Unionists and Sinn Fein accused of election 'carve-up'
Instead of the political fireworks often generated in Northern Ireland contests, the current campaign has been one of unprecedented dullness – voters will go to the polls tomorrow against predictions of a particularly low turnout.
Even the outside possibility that a republican surge might give Sinn Fein's Martin McGuinness enough seats to become First Minister has failed to produce real alarm among Protestant voters.
With major constitutional issues fading into the background, most campaign debate has centred on bread and butter issues which are not usually to the fore in Northern Ireland contests: health and education have been prominent.
The results are expected to consolidate the positions of the two largest parties, the Democratic Unionists and Sinn Fein, which have formed a partnership that has come to dominate local politics.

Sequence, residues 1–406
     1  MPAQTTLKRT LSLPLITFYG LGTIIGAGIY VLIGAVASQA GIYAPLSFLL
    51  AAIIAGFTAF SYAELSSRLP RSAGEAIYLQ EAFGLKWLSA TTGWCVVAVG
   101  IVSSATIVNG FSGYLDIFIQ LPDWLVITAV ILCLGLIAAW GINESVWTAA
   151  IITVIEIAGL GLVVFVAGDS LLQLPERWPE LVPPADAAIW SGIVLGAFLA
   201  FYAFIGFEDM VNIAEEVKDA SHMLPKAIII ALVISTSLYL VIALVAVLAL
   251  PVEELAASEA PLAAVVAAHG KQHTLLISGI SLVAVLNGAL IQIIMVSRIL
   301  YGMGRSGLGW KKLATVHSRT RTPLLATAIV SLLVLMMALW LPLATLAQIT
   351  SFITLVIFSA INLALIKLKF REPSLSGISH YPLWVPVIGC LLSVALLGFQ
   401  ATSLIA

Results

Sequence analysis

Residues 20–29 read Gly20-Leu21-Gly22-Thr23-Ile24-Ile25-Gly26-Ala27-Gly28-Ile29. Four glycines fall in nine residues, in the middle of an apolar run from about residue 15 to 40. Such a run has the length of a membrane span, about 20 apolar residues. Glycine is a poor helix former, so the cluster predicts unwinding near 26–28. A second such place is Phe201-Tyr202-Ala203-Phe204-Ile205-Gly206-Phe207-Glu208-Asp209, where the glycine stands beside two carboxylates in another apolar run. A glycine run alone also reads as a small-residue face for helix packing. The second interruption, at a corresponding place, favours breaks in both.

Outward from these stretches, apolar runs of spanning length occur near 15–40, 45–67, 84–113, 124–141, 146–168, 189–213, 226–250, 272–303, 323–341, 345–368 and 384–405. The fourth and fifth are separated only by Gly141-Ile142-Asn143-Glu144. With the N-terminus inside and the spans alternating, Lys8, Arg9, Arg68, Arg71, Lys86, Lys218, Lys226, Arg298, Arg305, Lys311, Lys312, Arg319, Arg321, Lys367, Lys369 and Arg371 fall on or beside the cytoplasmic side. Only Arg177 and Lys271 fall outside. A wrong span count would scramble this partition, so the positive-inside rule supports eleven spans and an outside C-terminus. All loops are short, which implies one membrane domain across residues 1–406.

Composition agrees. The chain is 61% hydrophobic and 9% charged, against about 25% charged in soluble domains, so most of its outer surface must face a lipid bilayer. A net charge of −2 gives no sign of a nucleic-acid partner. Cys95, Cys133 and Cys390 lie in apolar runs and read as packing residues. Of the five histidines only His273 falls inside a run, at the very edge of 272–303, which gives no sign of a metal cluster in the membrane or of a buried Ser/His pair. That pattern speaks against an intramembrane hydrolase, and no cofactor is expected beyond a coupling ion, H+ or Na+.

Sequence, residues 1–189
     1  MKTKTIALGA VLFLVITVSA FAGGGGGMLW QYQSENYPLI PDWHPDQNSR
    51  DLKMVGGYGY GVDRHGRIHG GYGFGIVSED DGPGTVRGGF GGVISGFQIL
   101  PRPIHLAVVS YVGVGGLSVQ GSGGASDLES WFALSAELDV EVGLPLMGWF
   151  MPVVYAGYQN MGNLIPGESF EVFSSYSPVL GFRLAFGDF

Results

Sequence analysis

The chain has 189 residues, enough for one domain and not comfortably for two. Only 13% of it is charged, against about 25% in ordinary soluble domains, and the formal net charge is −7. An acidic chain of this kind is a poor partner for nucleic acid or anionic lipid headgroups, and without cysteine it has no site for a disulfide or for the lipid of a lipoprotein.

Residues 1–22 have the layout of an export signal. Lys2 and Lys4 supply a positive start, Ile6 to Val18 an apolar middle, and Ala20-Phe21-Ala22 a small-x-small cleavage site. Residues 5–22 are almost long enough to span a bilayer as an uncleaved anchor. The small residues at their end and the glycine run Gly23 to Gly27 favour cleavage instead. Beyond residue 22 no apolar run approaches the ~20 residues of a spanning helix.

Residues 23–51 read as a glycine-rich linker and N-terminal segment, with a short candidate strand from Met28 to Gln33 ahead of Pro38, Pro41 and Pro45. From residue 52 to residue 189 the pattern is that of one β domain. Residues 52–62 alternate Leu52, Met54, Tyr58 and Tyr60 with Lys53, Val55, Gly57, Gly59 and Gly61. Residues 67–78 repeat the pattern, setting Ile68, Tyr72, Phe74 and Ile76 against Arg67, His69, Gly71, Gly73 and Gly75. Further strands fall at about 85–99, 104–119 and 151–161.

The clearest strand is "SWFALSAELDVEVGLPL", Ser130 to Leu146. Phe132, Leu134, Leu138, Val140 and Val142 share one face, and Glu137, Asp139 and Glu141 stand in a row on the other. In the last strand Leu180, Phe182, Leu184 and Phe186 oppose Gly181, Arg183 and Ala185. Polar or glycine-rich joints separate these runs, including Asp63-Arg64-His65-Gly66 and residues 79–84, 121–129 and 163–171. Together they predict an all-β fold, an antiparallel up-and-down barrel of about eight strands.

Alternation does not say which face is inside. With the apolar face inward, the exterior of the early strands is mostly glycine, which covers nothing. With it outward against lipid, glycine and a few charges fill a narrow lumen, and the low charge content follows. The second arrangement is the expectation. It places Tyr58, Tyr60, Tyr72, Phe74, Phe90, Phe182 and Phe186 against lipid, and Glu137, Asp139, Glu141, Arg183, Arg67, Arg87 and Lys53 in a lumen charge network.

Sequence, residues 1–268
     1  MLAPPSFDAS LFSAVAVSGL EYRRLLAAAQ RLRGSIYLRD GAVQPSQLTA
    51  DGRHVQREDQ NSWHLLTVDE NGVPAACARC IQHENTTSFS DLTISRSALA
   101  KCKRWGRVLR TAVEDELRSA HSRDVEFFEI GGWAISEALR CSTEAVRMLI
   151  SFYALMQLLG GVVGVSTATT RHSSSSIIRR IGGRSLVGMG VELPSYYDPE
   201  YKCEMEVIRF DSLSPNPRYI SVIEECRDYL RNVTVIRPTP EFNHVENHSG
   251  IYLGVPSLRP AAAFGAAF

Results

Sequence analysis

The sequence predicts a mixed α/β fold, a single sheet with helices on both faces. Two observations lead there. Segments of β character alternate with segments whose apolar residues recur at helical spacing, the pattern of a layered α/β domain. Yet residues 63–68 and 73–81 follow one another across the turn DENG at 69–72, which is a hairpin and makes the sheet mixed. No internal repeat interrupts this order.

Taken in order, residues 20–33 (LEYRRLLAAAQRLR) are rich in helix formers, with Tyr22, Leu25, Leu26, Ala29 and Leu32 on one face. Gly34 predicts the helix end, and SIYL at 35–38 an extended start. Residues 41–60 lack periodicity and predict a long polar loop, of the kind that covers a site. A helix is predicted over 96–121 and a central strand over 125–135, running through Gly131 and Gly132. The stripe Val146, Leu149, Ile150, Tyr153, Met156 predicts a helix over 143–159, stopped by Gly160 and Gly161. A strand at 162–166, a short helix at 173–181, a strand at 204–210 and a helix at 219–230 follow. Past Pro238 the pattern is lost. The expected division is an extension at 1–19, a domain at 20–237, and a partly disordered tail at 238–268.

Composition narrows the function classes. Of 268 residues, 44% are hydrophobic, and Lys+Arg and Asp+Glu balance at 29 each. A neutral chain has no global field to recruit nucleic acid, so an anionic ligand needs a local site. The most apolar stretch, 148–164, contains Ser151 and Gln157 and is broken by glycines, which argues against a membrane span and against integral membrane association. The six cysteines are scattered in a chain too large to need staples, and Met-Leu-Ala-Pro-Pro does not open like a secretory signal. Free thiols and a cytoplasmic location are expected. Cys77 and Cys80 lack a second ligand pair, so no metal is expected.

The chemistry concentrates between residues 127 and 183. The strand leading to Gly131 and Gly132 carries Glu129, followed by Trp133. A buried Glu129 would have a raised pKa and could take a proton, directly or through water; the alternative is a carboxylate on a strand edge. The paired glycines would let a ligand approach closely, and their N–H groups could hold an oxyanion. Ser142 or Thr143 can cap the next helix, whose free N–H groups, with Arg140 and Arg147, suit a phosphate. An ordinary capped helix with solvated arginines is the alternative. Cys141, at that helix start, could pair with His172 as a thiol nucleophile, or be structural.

The close relationship that has developed between the two has led to complaints from smaller parties that they have together engineered a "carve-up" of power. During the campaign the big two have carefully avoided clashing with each other, concentrating instead on attacking their opponents.
The Assembly has contributed to a growing sense of stability during its four-year term. But it has also been criticised as cumbersome and slow-moving, leading many of the parties to call for reforms to its structure.
The fact that no supporters of violent republican groups are fighting the election is taken as a recognition of the fact that, with their limited support, they would attract a humiliatingly small number of votes.
One of the few incidents of note during the campaign came several days ago when the First Minister, Peter Robinson of the Democratic Unionists, over-balanced and toppled into his fish pond.
Well known as an enthusiast for koi carp, as he called for help, he said his family "either chortled and convulsed, or searched for insurance policies". He added: "Responses about slippery slopes, 'carping' on about issues and expressions of concern about my fish do not meet my need for sympathy."
As Voltaire once said, “Ice cream is exquisite. What a pity it isn’t illegal”
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